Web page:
McNamara claims receivers for Nama recruited directors after wind-down

Developer defends company and says agency poached staff when construction firm failed

Bernard McNamara: Almost all of them (directors) have since been recruited to senior positions by Nama receivers. Photograph: Collins

Bernard McNamara: Almost all of them (directors) have since been recruited to senior positions by Nama receivers. Photograph: Collins


Developer Bernard McNamara has claimed receivers for the National Asset Management Agency hired directors from his company after it was wound down.

Mr McNamara, who went bankrupt in 2007, has submitted a brief written statement to the Oireachtas banking inquiry.

However, he declined to answer a number of questions posed to him by the joint committee alleging the work of private companies is not included in the inquiry’s terms of reference.

Mr McNamara did defend his company and claimed the receivers poached most of his staff when McNamara Construction collapsed.

He said: “Directors were mainly qualified and experienced accountants, engineers and chartered surveyors.

“As I understand it, almost all of them have since been recruited to senior positions by Nama receivers, banks, venture capital funds and top construction companies.”

Mr McNamara also told the committee he was aware of his staff accepting corporate hospitality.

However, the former Fianna Fáil councillor insisted he never availed of any such offers other than a rare golf outing.

Meanwhile, the banking inquiry published several statements on Thursday including a number of clarifications sought from previous witnesses.

Nama rebuked allegations made by developer Johnny Ronan to the committee.

Mr Ronan had alleged the agency made a decision to take down his business without any regard of the cost to the taxpayer.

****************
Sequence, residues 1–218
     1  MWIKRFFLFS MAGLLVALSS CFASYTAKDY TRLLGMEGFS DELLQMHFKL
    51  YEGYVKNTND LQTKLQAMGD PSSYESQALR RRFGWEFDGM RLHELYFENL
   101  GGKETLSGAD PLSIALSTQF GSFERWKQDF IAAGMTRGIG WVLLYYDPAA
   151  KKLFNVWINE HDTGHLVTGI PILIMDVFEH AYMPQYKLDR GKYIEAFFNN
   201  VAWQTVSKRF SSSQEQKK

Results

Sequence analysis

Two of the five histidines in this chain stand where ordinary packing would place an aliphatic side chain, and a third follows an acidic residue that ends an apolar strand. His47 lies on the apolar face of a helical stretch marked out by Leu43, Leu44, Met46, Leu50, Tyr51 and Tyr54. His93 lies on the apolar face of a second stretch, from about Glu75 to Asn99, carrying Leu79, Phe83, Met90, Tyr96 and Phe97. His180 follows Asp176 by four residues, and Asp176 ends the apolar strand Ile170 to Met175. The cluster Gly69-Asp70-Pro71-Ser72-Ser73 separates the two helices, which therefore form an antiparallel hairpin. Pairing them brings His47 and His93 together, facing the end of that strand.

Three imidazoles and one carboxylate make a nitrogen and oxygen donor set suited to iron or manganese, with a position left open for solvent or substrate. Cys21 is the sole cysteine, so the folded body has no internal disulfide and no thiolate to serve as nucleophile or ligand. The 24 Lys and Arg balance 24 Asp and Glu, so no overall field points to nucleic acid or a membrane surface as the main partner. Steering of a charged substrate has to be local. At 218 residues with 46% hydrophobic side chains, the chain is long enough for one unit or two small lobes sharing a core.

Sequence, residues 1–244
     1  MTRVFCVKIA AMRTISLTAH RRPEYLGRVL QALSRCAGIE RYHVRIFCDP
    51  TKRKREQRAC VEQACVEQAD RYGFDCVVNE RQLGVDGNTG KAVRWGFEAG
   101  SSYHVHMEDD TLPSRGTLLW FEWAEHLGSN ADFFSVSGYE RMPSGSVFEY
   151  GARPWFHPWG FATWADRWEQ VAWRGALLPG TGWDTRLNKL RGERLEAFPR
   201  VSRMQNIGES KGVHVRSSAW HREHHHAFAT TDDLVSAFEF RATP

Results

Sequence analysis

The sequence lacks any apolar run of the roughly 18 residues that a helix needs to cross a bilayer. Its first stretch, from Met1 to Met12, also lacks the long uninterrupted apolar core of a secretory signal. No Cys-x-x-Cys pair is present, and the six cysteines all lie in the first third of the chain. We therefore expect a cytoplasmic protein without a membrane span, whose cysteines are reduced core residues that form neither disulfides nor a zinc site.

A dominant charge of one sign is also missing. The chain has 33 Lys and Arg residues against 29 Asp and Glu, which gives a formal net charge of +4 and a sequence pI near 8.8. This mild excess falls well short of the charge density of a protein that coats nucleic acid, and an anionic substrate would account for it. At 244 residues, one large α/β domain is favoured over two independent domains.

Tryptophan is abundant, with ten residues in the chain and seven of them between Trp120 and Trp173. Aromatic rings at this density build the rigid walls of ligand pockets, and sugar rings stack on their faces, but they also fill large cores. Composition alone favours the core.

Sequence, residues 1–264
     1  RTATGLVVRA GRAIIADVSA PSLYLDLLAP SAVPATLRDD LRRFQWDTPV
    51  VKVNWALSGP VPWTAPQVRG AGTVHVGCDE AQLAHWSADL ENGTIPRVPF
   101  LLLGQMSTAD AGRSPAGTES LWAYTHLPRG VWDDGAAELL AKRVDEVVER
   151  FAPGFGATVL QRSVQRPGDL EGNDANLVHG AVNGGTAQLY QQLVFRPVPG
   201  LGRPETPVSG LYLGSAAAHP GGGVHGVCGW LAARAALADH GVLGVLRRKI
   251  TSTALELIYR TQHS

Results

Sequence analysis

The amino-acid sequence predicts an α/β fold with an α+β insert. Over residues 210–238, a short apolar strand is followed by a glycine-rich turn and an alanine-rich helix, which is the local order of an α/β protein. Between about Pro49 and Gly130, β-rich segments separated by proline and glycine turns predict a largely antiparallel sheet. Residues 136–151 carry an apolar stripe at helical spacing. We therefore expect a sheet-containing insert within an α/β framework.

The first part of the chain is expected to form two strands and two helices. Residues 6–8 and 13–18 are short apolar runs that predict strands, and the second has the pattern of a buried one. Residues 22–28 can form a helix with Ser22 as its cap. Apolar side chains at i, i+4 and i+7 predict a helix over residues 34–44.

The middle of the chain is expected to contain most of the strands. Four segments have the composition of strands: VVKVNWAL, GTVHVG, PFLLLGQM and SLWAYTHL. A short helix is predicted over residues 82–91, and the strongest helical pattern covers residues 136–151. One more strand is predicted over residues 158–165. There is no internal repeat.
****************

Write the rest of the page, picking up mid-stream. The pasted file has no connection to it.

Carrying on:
In a statement published by the committee, the agency said it treated Mr Ronan “objectively, commercially and professionally”.

It said it has a difficult job to do to recoup the best result for the taxpayer and it does not expect to be popular with debtors.

However the agency said there was no attempt to take Treasury Holdings down.

It made the decision because the group was clearly insolvent and past the point of commercial rescue.

Unfair assessment

Martin Whelan, head of relationship management, said the appointment of receivers was based on the best financial return for the State.

Nama also contradicted evidence given by developer Michael O’Flynn and said Mr O’Flynn had painted a very negative and unfair assessment of the agency’s work.

The agency said the developer had claimed Nama was to blame for the shortage of housing in the country.

However, it insisted it was currently the biggest provider of residential development in Dublin.

The International Monetary Fund also submitted a written reply to the committee and confirmed it did not block any attempt to burn senior bondholders.

Craig Beaumont, chief for Ireland’s programme, said that was a decision for the managing director to make.

However, he confirmed “the possibility for burden sharing with senior bondholders was not excluded”.

A number of bank officials and former public servants were asked to clarify some of their evidence before the committee.

Allied Irish Bank officials insisted they were unaware a blanket bank guarantee was to be introduced when they left Government Buildings in September 2008.

Former chief executive Dermot Gleeson insisted the only option discussed while he was present was a guarantee confined to the pillar banks.

He said: “I am absolutely certain that we were not informed of the blanket guarantee before we left Government Buildings.”

Former AIB chief executive Eugene Sheehy also claimed the bank was of the belief the four institutions would be guaranteed and Anglo Irish Bank and Irish Nationwide would be nationalised.

This is a source of contradiction between Bank of Ireland and AIB as BofI officials have insisted they were aware leaving Government Buildings of a blanket bank guarantee.

BofI chief executive Brian Goggin was also asked to clarify his evidence but insisted he was aware of the Government decision on the night.

Both banks have denied they presented former taoiseach Brian Cowen and his officials with a draft guarantee on September 29 2008.

This is contradicted by Mr Cowen and former secretary general at the Department of Finance Kevin Cardiff.